To get across the road to go in the direction I want, I push the bike to the nearest traffic light and wait, and wait, for the pedestrian signal. Even so, turning traffic weaves around me. It does not wait for me to cross. Once on the bike I try to keep clear of the broken glass and uneven inspection covers that make the right side of the road an uncomfortable place to be. This obviously upsets everyone behind me, but I simply ignore them. There are two travel lanes for vehicles but at the middle of the morning quite sparse traffic. So they could get over, if they felt like it. They don’t. The posted speed is 50. Anyone who drives at or below this is exceptional.

I get to the shopping centre at Ironwood but stay in the vehicle circulation area. I do not think it is reasonable for cyclists to weave around pedestrians in such places. Car drivers seem perplexed by my presence, but I am not alone and there are lots of bike parking racks. Of course, I have to lock up my bike and take everything off it while I am in the shops.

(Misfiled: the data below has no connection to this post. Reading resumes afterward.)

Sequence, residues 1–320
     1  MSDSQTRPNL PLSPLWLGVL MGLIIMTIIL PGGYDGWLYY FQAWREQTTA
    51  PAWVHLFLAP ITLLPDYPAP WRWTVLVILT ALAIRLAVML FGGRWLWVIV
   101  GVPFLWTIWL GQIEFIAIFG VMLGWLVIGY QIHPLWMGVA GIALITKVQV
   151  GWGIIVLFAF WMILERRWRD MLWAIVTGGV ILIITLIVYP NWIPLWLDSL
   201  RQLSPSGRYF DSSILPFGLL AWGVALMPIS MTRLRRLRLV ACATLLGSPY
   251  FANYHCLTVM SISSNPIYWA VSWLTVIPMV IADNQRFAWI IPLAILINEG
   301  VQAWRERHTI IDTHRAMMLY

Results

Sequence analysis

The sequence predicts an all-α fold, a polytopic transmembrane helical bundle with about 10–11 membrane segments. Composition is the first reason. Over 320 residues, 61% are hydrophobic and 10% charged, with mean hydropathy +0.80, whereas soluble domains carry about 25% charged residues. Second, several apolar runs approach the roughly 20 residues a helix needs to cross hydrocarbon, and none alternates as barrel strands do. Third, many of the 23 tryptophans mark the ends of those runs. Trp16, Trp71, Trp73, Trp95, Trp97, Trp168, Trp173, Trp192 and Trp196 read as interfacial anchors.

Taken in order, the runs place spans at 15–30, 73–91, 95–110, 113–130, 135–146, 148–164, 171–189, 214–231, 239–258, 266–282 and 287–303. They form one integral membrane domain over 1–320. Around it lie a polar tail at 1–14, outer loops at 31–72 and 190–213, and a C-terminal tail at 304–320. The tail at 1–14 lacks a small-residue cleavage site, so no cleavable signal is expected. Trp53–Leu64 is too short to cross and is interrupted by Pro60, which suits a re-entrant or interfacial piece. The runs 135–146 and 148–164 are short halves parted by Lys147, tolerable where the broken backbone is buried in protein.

On the way back, it is the same as before. To leave the parking lot and turn left back on to the Highway I simply claim my rightful pace in the turn lane – and go in front of the vehicles at the stop line to make my presence obvious. So I manage to get onto the highway home without dismounting and pushing.  Except there are road works. Only one lane open for a short stretch of road. Traffic lines up in the left lane, so I go through in the open right lane to the point of closure. Here I rejoin the traffic. Note that I have done nothing illegal. But the Dodge Ram van cannot stand the idea that a cyclist is now ahead of him, so he forces forward – knocking over pylons. The lane is narrow, the traffic is literally inching forward at walking pace – yet it is inconceivable to this driver that he should be behind a cyclist – for even a few metres and a minute or two at most. The flag lady simply looks in another direction, and pretends to be fascinated by the excavation she is guarding.  And of course at the next traffic light there is the same green van, who has arrived at the light perhaps 30 seconds before me, in triumph.